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The things I'll do for doughnuts ...

Specifically, it transpires that I will happily spend my Saturday trying on bridesmaid's dresses not only to show support for my friend, uC as she plans her wedding, but also in return for a Gregg's doughnut.

I can't decide if this makes me cheap or adorable*.

Anyway, I think I tried on 6 or 7 dresses in the end together with A and the good news is that we seem to be veering towards a colour and a style. I also learnt what "rouching" is and why it is a technique that should be loved and cherished by all of those who, like me, have doughnut belly.

There are photographs, which uC assures me will not see the light of day. This is a good thing as some of the dresses did require self-support. I shall leave that to your imaginations.

It's been a highly busy week and stressful all around. On Tuesday I met up with former flatmates J and C and university friend M who was over in London from the Czech Republic. We ended up having dim sum at Ping Pong and catching up on everything that's happened over the last few years and for the first time ever, I found myself feeling almost grateful for the shittiness that was 2008 because it gave me something to talk about in terms of drama, while 2009 offered more in the way of yayness.

Work has been incredibly busy all week and coupled with that, I've been taking a look at some legal things for my parents, which has taken a lot of time to sort out. As a result, I decided to take a week off from writing which was undoubtedly a good thing because I'd been feeling rather down about the manuscript, was tying myself in knots over how a chapter rewrite is going and had generally reached the point where I was convinced that everything I wrote was crap.

The break's helped to give me some perspective, so I'll be getting back into the swing of things tomorrow by dropping in on the Monkeys at the RFH and Joshua Ferris is giving a lecture at City University on Tuesday evening, which I'm also planning to go to. To top this off, I've booked 3 days off work to try and crack through the final rewrites in the hope of having something finished now by the beginning of March.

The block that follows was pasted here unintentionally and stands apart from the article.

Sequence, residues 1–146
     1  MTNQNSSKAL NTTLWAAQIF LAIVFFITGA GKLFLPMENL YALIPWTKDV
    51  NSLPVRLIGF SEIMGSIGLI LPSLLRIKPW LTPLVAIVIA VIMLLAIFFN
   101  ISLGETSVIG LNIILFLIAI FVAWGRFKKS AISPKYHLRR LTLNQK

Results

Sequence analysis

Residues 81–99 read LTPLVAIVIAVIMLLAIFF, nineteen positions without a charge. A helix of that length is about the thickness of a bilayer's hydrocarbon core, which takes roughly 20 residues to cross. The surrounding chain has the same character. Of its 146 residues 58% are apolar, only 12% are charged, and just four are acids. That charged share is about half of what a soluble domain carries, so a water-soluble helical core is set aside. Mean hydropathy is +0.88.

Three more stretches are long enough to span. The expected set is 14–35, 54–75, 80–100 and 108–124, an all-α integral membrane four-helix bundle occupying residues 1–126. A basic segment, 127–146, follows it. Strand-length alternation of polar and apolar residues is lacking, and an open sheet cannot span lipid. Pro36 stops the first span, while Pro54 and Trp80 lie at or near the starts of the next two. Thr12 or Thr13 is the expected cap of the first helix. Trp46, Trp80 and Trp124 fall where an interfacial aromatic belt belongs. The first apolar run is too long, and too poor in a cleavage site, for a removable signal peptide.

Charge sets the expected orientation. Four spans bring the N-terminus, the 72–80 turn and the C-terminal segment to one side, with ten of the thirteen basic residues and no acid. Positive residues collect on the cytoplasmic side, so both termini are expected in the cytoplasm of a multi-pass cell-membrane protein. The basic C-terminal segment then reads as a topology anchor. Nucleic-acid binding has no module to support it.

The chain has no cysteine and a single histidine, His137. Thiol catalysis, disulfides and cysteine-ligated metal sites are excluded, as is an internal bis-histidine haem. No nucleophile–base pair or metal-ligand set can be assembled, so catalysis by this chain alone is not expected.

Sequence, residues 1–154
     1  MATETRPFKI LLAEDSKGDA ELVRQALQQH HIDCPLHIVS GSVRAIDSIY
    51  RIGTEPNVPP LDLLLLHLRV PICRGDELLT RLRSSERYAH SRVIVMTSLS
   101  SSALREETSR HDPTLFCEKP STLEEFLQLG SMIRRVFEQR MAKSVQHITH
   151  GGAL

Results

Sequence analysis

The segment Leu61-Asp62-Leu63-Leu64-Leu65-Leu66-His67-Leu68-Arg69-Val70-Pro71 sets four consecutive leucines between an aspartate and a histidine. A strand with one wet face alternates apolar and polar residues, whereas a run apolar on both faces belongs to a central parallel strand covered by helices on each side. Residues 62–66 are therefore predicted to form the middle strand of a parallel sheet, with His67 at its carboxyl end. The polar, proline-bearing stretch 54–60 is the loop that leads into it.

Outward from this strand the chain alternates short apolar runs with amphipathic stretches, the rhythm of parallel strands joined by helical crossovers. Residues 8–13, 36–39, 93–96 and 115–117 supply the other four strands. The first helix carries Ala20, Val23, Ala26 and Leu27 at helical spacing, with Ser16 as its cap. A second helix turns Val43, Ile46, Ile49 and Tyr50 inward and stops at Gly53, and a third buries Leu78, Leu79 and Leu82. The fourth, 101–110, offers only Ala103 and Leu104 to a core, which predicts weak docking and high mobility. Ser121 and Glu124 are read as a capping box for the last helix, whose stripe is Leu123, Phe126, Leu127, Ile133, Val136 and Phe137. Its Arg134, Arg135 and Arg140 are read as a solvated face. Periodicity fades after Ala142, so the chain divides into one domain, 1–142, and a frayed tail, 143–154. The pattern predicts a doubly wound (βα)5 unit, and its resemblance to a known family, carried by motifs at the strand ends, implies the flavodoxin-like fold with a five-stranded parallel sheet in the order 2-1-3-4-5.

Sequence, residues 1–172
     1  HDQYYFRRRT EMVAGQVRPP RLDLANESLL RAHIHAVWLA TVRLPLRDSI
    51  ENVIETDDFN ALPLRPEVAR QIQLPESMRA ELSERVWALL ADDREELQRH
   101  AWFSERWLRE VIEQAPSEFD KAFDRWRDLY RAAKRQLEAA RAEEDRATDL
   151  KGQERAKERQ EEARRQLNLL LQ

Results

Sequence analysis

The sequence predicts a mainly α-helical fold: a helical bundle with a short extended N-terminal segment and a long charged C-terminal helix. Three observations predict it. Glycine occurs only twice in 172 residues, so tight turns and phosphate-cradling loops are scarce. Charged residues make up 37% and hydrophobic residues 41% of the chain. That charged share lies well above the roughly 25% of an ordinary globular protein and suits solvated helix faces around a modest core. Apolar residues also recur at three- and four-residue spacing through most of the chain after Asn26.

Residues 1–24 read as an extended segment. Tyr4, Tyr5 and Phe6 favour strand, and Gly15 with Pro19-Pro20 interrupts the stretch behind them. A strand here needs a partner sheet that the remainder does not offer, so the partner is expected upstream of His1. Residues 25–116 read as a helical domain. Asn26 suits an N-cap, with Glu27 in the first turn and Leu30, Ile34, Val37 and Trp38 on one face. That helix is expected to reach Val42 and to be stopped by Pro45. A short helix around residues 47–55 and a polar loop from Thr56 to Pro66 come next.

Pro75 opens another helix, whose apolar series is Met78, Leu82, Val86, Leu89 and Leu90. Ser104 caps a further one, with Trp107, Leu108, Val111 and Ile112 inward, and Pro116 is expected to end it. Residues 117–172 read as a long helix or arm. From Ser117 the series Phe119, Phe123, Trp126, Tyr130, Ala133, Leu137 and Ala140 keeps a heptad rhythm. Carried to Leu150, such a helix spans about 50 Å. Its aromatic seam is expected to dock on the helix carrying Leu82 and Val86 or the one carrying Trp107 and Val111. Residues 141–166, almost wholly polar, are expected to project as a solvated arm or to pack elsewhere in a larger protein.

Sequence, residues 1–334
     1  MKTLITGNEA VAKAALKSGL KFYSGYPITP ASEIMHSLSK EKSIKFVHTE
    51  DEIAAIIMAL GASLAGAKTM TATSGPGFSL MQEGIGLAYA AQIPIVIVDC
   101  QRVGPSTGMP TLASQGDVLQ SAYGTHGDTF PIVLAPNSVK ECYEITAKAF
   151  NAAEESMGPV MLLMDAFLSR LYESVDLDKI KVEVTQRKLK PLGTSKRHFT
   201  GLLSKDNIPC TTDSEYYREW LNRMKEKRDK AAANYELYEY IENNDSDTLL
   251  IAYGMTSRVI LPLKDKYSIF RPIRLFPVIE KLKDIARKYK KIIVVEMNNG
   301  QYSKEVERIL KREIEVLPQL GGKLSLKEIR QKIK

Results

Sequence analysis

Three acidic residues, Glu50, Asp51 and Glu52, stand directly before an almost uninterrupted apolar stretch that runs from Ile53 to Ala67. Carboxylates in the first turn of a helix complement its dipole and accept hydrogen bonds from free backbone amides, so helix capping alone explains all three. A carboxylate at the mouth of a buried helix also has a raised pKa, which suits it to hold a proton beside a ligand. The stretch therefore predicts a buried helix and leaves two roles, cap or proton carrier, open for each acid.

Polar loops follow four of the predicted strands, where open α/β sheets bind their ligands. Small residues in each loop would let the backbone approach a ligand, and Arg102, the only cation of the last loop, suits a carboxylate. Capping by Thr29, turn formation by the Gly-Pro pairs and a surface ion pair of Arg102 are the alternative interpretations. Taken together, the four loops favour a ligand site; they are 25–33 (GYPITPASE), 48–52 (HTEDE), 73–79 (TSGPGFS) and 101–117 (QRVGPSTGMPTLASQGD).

I omitted to mention in my last entry that I went to see The Wolfman last week. I suspect this was because my brain was still trying to obliterate the pointlessness of the movie and the stupidity of the plot. I ended up losing count of the number of times I thought "but that makes no sense!", but I do know that it started with "why is Benecio Del Toro playing a 19th century English gentleman with an American accent?" and went downhill rapidly. I know a few people who've seen it and say that the special effects made up for the daft plot but you know, I'd have liked the transformation scenes a hell of a lot more had I not seen them in An American Werewolf In London many, many years ago.

The purpose of saying this is to segue nicely into some book recommendations (one of the books listed below involves werewolves). I keep a separate review LJ at quippe where I set down my thoughts of every book that I read (and am a little behind on my reviews) and figured that in the interests of spreading the reading love I should set out the titles and authors of those books that I've read this year that I'd recommend taking a look at. Accordingly, I offer you:

Young Adult Fiction (Aged 12+)

- Stolen by Lucy Christopher - tense novel about a teenage girl kidnapped from an airport and transported into the middle of the Australian Outback.